She turned to me and whispered, with a naughty gleam in her eye, “They think they can hide things from Sister Monica Joan, but they are not smart enough, my dear. Plodding or swift, laughter or despair, none can hide, all will be revealed. Get two plates and a knife, and don’t hang around. Where’s the tea?”
We sat down at the huge wooden table. I poured the tea, and Sister Monica Joan cut two large slices of cake. She crumbled her slice into tiny pieces, and pushed them around her plate with long, bony fingers. She ate with murmurs of ecstatic delight, and winked at me as she gobbled morsels down. The cake was excellent, and a
fellowship of conspiracy was entered into as we agreed that another slice would be in order.
“They will never know, my dear. They will think that Fred has had it, or that poor fellow who sits on the doorstep eating his sandwiches.”
She looked out of the window. “There is a light in the sky. Do you think it is a planet exploding, or an alien landing?”
I thought it was an aeroplane, but I opted for the exploding planet, then said, “How about some more tea?”
“Just what I was about to suggest, and what about another slice of cake? They won’t be back before seven o’ clock, you know.”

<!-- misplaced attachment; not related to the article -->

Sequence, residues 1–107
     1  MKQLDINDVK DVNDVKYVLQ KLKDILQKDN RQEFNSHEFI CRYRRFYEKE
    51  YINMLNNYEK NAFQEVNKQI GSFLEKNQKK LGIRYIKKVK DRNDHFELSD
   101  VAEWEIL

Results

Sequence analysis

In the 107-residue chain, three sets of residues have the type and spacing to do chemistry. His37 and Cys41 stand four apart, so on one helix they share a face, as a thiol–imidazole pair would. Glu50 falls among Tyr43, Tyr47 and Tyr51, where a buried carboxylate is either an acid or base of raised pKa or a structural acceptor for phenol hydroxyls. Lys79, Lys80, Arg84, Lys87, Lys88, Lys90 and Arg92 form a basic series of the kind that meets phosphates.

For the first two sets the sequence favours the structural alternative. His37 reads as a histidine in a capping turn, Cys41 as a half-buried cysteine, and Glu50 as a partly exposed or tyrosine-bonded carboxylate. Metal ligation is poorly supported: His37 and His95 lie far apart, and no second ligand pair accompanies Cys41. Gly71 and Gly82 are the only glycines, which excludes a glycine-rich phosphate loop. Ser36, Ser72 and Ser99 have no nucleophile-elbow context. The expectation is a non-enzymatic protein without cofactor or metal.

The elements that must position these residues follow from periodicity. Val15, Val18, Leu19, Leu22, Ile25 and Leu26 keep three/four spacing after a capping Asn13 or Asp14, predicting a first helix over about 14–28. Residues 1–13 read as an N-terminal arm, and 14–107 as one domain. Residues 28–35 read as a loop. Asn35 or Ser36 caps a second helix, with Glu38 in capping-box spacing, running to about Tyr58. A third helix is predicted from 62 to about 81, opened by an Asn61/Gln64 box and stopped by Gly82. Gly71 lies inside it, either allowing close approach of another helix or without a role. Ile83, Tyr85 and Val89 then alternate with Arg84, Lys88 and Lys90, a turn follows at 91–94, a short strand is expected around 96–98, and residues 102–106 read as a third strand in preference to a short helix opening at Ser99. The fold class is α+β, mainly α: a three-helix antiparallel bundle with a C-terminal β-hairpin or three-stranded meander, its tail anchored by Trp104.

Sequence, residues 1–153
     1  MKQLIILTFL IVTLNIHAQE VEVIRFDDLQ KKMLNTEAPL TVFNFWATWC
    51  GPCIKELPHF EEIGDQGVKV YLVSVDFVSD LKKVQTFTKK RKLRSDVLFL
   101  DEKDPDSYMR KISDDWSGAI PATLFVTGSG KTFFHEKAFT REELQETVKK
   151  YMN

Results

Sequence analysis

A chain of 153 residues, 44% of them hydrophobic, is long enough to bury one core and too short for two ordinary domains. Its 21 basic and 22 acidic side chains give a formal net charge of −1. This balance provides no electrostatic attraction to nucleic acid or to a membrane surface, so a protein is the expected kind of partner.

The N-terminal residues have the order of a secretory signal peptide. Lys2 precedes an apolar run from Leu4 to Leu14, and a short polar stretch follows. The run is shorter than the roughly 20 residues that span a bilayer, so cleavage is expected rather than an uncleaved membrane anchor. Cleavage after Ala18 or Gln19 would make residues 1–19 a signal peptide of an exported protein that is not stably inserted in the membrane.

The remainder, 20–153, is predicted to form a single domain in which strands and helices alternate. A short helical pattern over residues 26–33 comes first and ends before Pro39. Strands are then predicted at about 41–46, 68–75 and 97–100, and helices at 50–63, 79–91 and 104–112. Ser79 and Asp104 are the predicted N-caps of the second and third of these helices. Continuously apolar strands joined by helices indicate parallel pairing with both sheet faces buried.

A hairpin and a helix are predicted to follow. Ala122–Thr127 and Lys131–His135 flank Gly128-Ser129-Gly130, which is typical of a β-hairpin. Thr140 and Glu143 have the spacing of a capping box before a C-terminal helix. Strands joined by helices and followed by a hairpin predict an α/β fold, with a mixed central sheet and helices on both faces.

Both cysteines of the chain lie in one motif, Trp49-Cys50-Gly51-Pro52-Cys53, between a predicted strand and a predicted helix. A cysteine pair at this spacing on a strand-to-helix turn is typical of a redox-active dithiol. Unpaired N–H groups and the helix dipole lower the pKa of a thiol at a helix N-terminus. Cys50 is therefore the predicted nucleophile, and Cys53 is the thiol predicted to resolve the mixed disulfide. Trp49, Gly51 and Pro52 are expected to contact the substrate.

She chatted on. I could not make head nor tail of what she was on about, but she was enchanting. The more I looked at her, the more I could see fragile beauty in her high cheekbones, her bright eyes, her wrinkled, pale ivory skin, and the perfect balance of her head on her long, slender neck. The constant movement of her expressive hands, with their long fingers like a ballet of ten dancers, was hypnotic. I felt myself falling under a spell.
We finished the cake with no trouble at all, having agreed that an empty tin would be less conspicuous than a small wedge of cake left on a plate. She winked mischievously, and chuckled. “That tiresome Sister
Evangelina will be the first to notice. You should see her, my dear, when she gets cross. Oh, the hideous baggage. Her red face gets even redder, and her nose drips. Yes, it actually drips! I have seen it.” She tossed her head haughtily. “But what can it signify for me? The mystery of the evidence of consciousness is a house in a given time, a function and an event combined, and few are the elite, indeed, who can welcome such a realisation. But hush. What is that? Make haste.”